Last summer, I got an e-mail from a reader named Jess about a place called Grandpa's Ice Cream in Fridley, a northern suburb of Minneapolis. She recommended that I check it out, so I added Grandpa's to my list of restaurants to try—and I finally got around to it a few weeks ago.
In late June, I started dining outdoors at restaurants again (on my personal time—I'm still mostly unemployed as a food and travel journalist). This was a decision I made based on my own health risk factors and the health risk factors for those I come into close contact with, as well as my personal values.
As I wrote about in this post, I started a home-based bakery called Tangled Up In Food Bakes at the end of May. I had absolutely no idea where it would lead—maybe it would become an important part of my life, maybe no one would order anything and I'd have enough muffin liners for the next eight years.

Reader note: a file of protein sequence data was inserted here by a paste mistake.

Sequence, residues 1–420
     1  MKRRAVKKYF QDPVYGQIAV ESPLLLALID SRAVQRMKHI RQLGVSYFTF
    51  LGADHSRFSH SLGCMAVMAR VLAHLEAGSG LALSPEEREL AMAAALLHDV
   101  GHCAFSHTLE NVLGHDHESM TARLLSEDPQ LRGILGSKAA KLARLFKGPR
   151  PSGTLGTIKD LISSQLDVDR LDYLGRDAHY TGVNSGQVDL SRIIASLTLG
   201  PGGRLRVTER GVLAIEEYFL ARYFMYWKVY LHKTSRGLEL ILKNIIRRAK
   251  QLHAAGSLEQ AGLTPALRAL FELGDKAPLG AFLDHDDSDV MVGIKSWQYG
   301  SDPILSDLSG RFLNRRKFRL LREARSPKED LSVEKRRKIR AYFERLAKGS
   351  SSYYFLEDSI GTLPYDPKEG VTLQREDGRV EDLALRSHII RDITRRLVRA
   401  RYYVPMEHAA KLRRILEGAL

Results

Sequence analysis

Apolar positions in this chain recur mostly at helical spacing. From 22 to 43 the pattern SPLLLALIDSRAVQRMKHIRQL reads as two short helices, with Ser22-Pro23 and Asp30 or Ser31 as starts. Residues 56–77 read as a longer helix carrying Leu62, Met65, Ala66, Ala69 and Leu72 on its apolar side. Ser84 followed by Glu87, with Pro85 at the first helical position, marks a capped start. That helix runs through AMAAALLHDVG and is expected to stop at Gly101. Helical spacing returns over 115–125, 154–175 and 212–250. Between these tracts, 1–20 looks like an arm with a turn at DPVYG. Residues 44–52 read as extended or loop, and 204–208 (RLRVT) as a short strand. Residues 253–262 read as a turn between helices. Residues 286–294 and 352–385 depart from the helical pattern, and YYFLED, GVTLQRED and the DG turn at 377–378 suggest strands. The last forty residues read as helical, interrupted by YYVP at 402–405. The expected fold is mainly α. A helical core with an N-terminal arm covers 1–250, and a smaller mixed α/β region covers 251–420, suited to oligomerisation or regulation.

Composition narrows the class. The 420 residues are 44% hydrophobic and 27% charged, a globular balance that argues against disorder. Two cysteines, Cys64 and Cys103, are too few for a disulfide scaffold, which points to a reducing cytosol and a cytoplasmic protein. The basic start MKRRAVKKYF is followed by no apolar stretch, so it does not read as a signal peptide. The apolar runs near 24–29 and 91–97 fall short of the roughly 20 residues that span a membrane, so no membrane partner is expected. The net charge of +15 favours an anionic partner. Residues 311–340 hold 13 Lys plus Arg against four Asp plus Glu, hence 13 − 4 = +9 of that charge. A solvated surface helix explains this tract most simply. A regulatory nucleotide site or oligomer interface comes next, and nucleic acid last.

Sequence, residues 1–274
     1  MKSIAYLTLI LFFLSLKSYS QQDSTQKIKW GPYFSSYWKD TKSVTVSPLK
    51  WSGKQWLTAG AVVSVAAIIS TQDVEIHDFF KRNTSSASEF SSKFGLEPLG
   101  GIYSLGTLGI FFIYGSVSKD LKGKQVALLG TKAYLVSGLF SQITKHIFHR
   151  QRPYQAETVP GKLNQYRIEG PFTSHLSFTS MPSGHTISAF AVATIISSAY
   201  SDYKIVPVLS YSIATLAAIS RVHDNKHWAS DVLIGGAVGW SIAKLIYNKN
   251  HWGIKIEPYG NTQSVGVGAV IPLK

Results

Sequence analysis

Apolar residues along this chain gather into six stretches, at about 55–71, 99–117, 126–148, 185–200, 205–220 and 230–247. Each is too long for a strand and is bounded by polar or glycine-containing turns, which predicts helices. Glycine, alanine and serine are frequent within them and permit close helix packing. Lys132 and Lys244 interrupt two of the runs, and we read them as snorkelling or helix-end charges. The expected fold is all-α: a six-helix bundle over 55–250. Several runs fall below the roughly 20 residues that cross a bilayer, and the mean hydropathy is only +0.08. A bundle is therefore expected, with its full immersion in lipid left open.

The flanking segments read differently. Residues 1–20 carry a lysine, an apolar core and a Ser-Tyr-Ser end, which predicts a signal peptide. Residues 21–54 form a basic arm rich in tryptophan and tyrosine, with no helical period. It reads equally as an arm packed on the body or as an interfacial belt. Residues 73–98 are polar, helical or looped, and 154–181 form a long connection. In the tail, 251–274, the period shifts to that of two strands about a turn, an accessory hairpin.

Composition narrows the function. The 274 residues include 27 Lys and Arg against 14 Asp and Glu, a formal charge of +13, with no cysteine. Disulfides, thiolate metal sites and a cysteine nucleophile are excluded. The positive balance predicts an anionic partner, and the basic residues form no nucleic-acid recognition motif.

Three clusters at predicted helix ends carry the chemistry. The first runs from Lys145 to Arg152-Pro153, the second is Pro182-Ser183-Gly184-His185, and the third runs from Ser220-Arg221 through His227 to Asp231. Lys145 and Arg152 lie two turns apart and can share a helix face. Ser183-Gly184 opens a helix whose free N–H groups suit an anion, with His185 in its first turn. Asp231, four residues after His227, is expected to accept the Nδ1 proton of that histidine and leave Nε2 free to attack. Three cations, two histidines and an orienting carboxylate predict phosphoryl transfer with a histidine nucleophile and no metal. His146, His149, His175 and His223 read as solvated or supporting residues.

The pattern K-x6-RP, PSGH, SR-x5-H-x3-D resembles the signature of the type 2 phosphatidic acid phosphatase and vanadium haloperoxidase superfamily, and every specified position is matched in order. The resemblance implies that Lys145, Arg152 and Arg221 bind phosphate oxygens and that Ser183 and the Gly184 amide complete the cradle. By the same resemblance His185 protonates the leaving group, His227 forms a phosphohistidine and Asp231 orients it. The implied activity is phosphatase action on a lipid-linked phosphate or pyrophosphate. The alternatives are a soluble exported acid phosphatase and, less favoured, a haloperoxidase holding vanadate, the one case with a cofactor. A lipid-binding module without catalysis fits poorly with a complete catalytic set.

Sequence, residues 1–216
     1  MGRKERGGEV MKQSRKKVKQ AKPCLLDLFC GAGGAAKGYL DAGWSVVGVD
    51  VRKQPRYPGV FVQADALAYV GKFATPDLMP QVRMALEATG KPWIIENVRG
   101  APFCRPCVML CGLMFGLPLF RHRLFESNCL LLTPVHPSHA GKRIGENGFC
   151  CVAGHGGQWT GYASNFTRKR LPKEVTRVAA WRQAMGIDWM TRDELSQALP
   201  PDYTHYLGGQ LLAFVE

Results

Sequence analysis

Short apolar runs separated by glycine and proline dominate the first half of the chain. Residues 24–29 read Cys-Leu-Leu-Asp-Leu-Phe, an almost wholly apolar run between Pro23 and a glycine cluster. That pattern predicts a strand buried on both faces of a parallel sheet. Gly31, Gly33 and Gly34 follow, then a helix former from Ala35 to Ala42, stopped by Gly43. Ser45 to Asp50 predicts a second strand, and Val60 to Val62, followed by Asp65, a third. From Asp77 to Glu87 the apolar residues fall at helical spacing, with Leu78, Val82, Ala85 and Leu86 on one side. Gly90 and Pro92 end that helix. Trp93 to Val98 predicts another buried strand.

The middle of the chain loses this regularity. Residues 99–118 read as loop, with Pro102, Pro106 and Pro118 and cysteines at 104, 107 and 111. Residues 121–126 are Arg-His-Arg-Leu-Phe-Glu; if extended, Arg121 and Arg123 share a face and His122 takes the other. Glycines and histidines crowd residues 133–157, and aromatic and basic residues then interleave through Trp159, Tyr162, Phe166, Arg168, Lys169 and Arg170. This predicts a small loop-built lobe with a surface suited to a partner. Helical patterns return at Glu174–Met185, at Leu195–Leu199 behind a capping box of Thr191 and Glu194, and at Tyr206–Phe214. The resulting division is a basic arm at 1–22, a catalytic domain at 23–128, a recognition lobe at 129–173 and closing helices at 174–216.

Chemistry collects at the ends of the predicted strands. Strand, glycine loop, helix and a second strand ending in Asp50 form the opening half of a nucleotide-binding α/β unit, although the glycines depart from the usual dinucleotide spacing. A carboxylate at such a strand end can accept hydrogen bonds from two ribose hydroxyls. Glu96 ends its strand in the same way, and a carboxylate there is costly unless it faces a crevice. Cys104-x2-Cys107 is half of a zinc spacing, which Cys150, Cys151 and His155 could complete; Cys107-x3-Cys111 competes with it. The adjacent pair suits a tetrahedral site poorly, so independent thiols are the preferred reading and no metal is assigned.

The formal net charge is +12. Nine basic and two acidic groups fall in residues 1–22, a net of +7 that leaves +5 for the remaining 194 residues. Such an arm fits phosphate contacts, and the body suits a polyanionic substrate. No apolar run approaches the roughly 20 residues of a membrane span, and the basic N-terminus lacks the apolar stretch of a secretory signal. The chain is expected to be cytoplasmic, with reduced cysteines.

Last March, I was not in a very good place. Due to the stress of the pandemic and the loss of my freelance writing work, I felt overwhelmed with hopelessness. Part of how I coped was making a list of small, tangible things to look forward to when the world started to open back up, including three food-related things I wanted to do.
Piles of tomatoes, heaps of zucchini, a plethora of green beans—if the quantity of summer produce you're getting from your CSA or garden has you feeling overwhelmed, why not save some of it for later? Preserving produce is a great way for you to save some money, avoid extra trips to the grocery store, and enjoy local produce when there's snow on the ground.